By macleans.ca - Thursday, December 1, 2011 at 9:56 AM - 11 Comments
Liberal MP’s constituents told of purported pending resignation
The Tories admitted they told constituents in Liberal MP Irwin Cotler’s Montreal riding that Cotler was about to resign and a by-election would be held, in a number of phone calls spreading false information in the last couple of weeks, the National Post reports. Conservative MPs, however, defended the calls as a legitimate means to identify voters. Constituents in Cotler’s Mount Royal, in fact, received calls from a marketing research company urging them to support the Conservatives in a possible upcoming by-election. Queen’s University professor Ned Franks told the Post the Conservatives’ tactic amounted to “dirty blows.” Conservative House Leader Peter Van Loan, however, noted that rumors about Cotler’s pending have been circulating for over a decade, and that, therefore, telling constituents there were rumours of a byelection was hardly a stretch.
By Aaron Wherry - Tuesday, October 18, 2011 at 8:30 AM - 9 Comments
Scott Stinson wonders whether we care about our legislatures (or whether our legislatures give us anything to care about).
The speaker was explaining that she didn’t think much of the work conducted in the provincial legislative assembly. “Most of my issues are around the quality of debate and the research and the fact that you can pretty well get up in the house of assembly and say whatever it is you like,” she said. “You don’t have to be concerned with truth.”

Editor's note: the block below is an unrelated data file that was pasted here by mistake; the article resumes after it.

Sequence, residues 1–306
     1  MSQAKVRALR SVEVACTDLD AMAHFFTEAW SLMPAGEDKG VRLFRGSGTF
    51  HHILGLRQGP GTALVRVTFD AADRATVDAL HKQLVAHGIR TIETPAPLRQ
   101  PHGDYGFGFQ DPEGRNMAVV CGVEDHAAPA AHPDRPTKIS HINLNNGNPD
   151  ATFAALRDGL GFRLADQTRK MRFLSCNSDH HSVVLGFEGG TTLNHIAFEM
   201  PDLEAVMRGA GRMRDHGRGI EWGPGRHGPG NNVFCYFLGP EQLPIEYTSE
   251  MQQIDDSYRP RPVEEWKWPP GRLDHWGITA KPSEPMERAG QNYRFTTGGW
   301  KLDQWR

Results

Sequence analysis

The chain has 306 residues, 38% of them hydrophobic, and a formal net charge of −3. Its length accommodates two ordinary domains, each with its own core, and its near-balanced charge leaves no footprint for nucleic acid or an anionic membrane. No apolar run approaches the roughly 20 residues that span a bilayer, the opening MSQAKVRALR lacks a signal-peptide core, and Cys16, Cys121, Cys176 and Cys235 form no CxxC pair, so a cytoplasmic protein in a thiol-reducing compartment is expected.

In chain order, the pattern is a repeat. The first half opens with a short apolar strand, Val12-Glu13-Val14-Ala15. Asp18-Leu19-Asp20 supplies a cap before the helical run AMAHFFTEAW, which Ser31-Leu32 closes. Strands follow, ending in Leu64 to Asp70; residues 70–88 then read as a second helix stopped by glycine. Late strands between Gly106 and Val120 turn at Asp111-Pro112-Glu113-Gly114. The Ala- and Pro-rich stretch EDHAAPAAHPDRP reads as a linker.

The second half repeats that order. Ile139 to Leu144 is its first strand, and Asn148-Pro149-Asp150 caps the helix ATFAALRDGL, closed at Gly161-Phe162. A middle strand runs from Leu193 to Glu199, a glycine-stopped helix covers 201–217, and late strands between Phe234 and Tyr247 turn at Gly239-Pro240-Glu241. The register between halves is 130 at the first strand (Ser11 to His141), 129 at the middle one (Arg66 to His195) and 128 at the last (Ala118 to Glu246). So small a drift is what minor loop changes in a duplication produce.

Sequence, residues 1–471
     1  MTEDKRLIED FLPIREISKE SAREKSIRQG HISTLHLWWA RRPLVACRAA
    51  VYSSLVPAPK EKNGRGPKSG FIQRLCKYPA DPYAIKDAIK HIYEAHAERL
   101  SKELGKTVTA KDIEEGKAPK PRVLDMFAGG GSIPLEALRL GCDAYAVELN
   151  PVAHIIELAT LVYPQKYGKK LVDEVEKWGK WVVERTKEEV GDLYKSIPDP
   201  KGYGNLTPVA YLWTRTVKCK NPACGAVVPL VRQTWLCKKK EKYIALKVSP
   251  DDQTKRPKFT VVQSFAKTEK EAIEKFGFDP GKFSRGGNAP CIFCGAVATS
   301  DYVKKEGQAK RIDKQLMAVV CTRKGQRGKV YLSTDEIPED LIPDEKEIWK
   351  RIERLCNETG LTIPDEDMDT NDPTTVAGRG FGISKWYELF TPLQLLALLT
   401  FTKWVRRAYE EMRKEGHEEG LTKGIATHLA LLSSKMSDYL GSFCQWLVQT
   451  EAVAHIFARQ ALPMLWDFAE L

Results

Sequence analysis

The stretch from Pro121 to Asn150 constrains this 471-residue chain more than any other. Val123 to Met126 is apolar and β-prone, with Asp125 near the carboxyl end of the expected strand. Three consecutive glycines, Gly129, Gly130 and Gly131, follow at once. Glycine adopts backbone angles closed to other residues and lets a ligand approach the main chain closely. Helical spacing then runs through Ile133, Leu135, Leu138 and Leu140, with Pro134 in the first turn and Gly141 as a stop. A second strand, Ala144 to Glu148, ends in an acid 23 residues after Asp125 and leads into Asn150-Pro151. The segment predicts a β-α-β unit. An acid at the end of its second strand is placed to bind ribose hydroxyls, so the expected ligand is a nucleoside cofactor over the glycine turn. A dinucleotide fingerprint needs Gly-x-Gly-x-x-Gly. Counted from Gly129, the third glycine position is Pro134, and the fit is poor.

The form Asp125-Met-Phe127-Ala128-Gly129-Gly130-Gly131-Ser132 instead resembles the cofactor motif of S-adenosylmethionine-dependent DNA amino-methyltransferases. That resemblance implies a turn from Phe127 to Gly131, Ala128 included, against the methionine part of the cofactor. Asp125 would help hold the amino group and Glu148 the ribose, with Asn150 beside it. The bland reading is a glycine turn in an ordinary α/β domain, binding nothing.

… It’s not an uncommon sentiment among members of the public, and if the statement was from one of those ubiquitous morning-radio bits where they stick a microphone in front of someone who is filling their gas tank to measure “the public’s” opinion, it would have been unremarkable. But this was the Premier speaking. Kathy Dunderdale, the newly elected Premier of Newfoundland and Labrador.
By Aaron Wherry - Monday, October 17, 2011 at 8:45 AM - 11 Comments
David Berlin proposes a new kind of parliamentary government.
Provincial and federal systems are more complex. But consider a no-party system in which the public votes directly for MPs and provincial members, and then the members themselves elect the cabinet ministers, who would then elect the prime minister or premier in the same way. Each would-be minister would specify proposals and what portion of a projected four-year budget (estimated by the national bank) it would take to accomplish them. Each MP’s or provincial member’s ballot would have to name a set of candidates whose estimates added up to no more than 100 per cent of that budget.